I don't really delve into that sort of stuff (historical research). All of my work is pragmatic, utilitarian, and relates to modern baseball.vance wrote:Thanks for taking the time to answer our questions.
1. Based on the work you have done, could you rank the top five hitters of all time? How about top five pitchers?
Ranking top hitters and pitchers, especially going back many years, is problematic because the context from era to era and sometimes even from year to year can change so dramatically. Unless one can account for context, those "all-time lists" based on any kind of statistics, even saber ones, are going to be failry meaningless.
Good question. First of all, there were teams that used sabermetricians (or whatever they were called back then), like Chadwick and Roth, way back when. Even 20 years ago, a few teams experimented with using analysts and sabermetricians, like Mike Gimbel and Craig Wright.2. I know when the SABR revolution first began, very few of the researchers, writers and thinkers were a part of the baseball establishment. Because of that most all of the cutting edge work was published and available to the masses. That leads me to this question: How much of your research, if any, are you unable to publish because it falls under the domain of your work with the Cardinals?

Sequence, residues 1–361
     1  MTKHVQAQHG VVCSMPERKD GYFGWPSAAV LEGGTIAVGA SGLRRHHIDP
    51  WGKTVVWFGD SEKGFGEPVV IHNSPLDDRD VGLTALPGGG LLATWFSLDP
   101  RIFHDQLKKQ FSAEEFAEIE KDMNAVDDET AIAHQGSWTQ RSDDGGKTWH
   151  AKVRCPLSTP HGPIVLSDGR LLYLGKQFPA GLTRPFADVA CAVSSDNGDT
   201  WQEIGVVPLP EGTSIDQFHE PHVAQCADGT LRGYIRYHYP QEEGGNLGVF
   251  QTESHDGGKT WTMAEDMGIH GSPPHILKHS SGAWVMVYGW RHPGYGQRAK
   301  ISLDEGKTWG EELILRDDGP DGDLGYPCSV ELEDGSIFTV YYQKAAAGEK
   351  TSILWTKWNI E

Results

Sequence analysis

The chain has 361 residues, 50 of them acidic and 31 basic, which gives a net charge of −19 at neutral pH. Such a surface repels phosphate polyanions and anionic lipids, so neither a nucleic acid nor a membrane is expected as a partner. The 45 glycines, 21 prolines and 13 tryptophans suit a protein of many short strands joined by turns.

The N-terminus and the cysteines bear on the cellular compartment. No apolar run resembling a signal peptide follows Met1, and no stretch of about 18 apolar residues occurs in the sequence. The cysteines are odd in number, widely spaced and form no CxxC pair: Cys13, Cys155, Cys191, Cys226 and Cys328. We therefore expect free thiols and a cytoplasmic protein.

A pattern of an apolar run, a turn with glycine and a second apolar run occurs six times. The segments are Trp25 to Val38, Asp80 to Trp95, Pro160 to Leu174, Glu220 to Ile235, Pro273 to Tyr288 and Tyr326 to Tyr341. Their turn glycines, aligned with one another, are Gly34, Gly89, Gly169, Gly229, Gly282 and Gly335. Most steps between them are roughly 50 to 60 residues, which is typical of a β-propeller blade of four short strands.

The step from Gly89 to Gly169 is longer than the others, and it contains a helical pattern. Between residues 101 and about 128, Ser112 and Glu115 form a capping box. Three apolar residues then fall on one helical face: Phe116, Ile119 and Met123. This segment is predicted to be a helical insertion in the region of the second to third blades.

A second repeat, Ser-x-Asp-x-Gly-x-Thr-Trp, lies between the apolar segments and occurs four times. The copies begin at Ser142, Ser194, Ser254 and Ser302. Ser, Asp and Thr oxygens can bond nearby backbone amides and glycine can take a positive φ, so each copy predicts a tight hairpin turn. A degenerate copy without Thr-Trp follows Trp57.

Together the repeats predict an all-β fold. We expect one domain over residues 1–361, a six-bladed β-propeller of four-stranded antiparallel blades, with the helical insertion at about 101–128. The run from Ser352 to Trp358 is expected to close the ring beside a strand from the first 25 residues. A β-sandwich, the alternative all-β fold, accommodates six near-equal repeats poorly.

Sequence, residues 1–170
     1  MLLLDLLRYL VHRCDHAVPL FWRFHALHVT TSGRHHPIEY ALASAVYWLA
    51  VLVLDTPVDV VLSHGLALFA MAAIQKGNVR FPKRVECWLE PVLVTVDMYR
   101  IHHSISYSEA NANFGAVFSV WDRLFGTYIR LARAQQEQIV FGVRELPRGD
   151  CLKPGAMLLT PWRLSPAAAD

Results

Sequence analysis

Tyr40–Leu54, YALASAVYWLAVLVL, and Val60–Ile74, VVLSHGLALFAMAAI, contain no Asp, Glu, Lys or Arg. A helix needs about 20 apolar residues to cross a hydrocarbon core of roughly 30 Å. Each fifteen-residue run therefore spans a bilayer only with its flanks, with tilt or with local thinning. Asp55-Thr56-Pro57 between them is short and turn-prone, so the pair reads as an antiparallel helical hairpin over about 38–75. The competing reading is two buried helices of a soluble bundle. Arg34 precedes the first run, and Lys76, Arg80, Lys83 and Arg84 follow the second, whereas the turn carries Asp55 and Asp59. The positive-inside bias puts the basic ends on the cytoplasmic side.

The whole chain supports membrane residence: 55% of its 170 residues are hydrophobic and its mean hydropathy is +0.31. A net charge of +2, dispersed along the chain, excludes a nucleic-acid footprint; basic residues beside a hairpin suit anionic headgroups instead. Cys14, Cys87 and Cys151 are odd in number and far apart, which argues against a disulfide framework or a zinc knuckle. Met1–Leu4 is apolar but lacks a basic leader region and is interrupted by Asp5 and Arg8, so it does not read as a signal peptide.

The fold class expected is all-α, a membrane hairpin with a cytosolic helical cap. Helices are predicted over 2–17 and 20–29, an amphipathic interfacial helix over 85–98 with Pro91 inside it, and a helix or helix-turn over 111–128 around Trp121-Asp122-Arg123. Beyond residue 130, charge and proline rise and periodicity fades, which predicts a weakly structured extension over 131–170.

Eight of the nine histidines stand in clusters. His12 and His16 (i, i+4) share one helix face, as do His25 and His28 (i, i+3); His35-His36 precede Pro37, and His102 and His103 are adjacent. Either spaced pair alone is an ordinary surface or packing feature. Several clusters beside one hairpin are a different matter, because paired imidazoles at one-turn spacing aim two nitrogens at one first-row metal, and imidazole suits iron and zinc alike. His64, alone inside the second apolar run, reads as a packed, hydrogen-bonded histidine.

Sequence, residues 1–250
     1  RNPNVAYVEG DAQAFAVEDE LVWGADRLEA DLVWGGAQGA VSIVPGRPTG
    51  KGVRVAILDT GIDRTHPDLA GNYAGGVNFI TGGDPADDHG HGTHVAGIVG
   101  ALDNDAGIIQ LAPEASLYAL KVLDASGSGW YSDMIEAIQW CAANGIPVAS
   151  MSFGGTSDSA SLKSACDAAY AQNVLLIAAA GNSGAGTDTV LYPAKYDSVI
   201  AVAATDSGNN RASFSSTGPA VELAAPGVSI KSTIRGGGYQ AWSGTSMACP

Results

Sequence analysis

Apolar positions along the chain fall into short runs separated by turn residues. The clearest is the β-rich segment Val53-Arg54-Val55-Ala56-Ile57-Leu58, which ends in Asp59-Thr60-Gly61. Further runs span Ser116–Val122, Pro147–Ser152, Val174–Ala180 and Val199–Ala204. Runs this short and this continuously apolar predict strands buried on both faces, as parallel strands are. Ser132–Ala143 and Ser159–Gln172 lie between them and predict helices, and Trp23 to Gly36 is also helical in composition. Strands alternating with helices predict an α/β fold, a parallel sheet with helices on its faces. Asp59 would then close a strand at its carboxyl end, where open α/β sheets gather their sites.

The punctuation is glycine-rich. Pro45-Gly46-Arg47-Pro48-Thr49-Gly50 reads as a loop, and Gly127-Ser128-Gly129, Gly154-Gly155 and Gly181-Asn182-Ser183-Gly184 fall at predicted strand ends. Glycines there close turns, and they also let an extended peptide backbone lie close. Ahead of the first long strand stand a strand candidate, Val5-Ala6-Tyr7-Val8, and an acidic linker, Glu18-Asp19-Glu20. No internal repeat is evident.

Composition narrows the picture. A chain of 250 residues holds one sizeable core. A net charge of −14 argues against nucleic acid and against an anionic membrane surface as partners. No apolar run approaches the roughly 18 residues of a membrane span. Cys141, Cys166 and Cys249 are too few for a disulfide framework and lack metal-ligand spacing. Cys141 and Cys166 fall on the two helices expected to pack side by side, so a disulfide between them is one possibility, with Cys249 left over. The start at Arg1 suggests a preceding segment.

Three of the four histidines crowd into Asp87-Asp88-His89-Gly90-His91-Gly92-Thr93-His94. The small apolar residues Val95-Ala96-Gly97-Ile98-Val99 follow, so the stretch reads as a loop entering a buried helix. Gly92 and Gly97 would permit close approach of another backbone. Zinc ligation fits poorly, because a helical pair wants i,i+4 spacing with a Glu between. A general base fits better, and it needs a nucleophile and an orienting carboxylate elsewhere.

You are right in that sabermetrics is a field where most of the work was and is available to everyone, mostly via the internet, and to some extent via printed material (books, journal articles, etc.). Teams could improve dramatically without ever hiring an analyst or sabermetrician, just by scouring the internet for sabermetric material, especially the many good player projection databases available for free or for a small fee.
I don't keep secret a whole lot of stuff. Most of my research is freely available or is in our book, The Book. Sure, my projection databases and UZR numbers are largely propietary, but the methodology is freely available and other people do essentially the same work.